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Rice and waterlogged detector??

Monkeys Uncle

Well-known member
Was just wondering if anyone knows whether submersion in rice would cure a waterlogged metal detector??? Hasn't happened to me or mine, but tv commercial (cell phones) got me to wondering. Anyone know? :unsure:
 

Ronstar

Well-known member
Good Q? Will be watching.......
 

irnwrkr

Active member
if someone tries it i would prrsonally recommend uncooked or raw rice. Not so sticky
 

wltdwiz

Well-known member
it would help
 

GeorgeinSC

Well-known member
a few years back i accidentally dipped my sovereign gt in the surf. Did all i could to clean it with electronics cleaner and used rice also. After a period of time the corrosion ruined the mother board. Might have gotten rid of the moisture but the salt remained.
 

Taxidea

Member
Totally agree, if you're dealing with salt water you'd have to get rid of the salt. That's usually done with a couple of DI or distilled water rinses before drying. This would usually involve disassembly before the rinses then blotting and low pressure air jetting dry to get rid of most of the moisture so it could get a bit involved. (I have used that to recover quite a few electronic items but never a detector). The rice trick works on some cell phones because the volume small and it is likely they were not completely saturated (and hopefully not with salt water). It works good on cell phones and other electronics that were left out in the rain (common) because rain is pretty close to distilled water. Would I try the rice trick on a detector that was left out in rain? Yes. Would I try it on one that was dropped in or swamped by saltwater? Maybe, if it wasn't one near and dear to me but probably not. Just my thoughts.
 

bigtim1973

Active member
One day while washing my car, I had my cell phone in my shirt pocket.

It flipped out of my pocket and straight into the bucket totally submerged.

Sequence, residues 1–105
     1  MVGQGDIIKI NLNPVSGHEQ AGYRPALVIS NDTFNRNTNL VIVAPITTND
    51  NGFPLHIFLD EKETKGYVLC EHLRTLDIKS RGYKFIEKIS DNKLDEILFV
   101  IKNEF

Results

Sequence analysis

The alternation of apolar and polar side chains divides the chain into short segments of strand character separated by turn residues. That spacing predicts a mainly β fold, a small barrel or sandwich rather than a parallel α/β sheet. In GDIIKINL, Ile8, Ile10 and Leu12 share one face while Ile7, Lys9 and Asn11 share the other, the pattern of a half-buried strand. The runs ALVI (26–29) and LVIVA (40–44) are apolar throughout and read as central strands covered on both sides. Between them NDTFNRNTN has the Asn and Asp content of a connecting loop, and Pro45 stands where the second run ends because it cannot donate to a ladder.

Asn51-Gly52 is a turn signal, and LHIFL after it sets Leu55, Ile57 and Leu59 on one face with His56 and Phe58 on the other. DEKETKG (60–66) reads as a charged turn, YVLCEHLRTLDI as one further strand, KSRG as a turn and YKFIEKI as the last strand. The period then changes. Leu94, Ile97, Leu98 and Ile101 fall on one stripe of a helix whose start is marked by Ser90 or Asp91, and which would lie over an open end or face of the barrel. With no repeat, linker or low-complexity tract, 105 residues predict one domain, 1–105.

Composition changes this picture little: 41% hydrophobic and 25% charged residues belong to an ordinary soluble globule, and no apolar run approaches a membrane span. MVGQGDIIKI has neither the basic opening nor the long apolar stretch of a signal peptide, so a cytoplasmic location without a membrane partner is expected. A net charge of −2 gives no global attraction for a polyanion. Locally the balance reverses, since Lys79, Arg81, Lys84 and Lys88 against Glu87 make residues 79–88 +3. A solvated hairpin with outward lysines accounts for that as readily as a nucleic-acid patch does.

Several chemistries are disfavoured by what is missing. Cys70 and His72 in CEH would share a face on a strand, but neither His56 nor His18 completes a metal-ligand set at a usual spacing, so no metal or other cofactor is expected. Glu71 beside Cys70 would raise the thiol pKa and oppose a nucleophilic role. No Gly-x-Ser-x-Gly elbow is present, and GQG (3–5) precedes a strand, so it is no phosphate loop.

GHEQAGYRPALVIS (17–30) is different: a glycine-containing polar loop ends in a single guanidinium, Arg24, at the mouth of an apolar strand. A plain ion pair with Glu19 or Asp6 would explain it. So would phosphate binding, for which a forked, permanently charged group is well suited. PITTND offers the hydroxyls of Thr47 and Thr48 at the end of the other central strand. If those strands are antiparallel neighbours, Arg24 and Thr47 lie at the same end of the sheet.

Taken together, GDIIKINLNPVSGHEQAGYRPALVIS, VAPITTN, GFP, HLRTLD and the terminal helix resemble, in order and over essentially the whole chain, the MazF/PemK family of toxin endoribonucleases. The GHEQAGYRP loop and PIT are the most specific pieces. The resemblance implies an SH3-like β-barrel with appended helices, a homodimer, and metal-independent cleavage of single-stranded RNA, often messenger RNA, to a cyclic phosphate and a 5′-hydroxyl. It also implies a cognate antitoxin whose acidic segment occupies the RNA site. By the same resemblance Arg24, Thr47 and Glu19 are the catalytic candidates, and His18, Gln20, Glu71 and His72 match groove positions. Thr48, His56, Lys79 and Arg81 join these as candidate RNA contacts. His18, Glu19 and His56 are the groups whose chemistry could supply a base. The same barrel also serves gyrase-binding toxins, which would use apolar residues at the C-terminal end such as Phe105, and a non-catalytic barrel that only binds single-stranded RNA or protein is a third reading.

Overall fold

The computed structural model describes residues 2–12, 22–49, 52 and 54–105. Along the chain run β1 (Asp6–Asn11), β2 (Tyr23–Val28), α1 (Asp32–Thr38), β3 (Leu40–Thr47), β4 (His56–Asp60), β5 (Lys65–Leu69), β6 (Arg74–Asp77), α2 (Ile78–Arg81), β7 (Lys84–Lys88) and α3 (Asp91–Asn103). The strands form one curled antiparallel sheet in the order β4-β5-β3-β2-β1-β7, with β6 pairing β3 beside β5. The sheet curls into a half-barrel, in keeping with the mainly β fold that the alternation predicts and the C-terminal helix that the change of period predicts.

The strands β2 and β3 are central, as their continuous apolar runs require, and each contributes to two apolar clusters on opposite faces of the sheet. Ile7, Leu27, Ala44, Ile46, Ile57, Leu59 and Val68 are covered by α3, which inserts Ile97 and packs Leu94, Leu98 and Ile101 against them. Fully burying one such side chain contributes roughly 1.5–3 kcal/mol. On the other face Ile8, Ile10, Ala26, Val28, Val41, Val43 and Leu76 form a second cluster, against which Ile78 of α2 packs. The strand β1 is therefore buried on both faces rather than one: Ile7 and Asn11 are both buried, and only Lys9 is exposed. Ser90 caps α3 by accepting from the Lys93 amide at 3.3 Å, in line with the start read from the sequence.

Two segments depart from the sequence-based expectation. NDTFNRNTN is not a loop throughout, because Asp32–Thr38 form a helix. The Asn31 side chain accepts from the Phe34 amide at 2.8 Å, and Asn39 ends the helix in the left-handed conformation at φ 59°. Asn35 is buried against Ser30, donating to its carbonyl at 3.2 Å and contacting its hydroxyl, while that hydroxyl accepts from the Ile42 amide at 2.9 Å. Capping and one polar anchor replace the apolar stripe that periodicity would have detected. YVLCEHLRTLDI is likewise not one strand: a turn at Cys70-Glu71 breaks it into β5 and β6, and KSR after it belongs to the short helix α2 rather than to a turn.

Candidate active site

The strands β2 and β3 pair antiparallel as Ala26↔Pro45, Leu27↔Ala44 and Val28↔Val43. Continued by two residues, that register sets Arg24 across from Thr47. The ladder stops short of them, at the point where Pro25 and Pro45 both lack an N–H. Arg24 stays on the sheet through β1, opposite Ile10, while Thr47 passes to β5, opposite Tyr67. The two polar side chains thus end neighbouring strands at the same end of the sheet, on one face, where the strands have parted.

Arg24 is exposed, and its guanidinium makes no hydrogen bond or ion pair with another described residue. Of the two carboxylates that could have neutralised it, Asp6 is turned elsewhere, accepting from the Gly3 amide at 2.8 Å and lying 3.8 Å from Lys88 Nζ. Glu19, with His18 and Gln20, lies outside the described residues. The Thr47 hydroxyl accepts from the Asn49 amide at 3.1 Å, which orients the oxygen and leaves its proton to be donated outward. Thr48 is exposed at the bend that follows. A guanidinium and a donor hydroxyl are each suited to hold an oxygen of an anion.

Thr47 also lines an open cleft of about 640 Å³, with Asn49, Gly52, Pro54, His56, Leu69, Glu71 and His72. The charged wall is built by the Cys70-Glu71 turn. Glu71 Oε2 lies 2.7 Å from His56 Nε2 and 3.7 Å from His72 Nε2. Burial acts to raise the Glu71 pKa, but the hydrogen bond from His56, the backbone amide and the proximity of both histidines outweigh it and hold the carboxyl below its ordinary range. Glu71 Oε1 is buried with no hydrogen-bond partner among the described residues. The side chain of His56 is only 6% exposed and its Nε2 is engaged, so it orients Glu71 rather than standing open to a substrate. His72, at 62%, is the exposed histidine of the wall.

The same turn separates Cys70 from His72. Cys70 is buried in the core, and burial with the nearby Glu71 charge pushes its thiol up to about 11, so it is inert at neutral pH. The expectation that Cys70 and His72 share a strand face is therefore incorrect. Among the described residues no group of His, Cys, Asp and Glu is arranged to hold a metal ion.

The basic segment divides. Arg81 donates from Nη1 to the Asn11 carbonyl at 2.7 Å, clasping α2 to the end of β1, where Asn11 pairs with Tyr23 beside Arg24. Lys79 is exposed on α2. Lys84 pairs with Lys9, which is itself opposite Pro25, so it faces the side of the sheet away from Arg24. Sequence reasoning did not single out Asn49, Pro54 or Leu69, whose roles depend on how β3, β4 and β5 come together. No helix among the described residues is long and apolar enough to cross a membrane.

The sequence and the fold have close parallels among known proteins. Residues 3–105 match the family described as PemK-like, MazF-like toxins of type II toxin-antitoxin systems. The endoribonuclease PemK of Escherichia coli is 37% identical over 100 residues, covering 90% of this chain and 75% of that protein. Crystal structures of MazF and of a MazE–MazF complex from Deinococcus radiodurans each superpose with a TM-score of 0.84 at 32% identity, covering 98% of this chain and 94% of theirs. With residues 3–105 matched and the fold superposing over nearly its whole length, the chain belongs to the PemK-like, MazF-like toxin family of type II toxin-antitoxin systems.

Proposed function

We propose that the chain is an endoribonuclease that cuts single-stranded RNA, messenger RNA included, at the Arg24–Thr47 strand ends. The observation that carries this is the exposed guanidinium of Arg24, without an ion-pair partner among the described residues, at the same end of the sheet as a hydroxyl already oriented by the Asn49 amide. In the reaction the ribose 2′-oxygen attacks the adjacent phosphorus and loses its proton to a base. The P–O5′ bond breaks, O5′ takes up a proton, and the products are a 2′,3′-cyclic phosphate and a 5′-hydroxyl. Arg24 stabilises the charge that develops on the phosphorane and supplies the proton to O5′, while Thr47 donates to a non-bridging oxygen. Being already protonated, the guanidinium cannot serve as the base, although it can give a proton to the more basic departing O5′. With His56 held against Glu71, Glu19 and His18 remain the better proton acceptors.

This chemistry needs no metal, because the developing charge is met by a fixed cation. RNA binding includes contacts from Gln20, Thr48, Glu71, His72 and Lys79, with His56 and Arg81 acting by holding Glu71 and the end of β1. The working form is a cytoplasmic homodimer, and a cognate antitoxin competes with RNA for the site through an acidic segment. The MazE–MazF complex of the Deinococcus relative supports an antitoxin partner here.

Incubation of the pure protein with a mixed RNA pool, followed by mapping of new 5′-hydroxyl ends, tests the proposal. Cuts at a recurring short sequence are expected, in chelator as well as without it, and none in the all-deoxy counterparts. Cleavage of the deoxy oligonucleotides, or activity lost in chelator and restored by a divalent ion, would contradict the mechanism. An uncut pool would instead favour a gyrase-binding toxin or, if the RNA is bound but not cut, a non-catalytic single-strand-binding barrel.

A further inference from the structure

I took it apart and took a hair dryer and blew it completely dry.
I reinstalled the battery and worked good as new without any issues.

So I do believe you could do the same with a detector.
 

u2robert

Well-known member
Totally agree, if you're dealing with salt water you'd have to get rid of the salt. That's usually done with a couple of DI or distilled water rinses before drying. This would usually involve disassembly before the rinses then blotting and low pressure air jetting dry to get rid of most of the moisture so it could get a bit involved. (I have used that to recover quite a few electronic items but never a detector). The rice trick works on some cell phones because the volume small and it is likely they were not completely saturated (and hopefully not with salt water). It works good on cell phones and other electronics that were left out in the rain (common) because rain is pretty close to distilled water. Would I try the rice trick on a detector that was left out in rain? Yes. Would I try it on one that was dropped in or swamped by saltwater? Maybe, if it wasn't one near and dear to me but probably not. Just my thoughts.
A detector or any electronics that been submerged in salt water needs to be rinsed with freshwater before drying.
 
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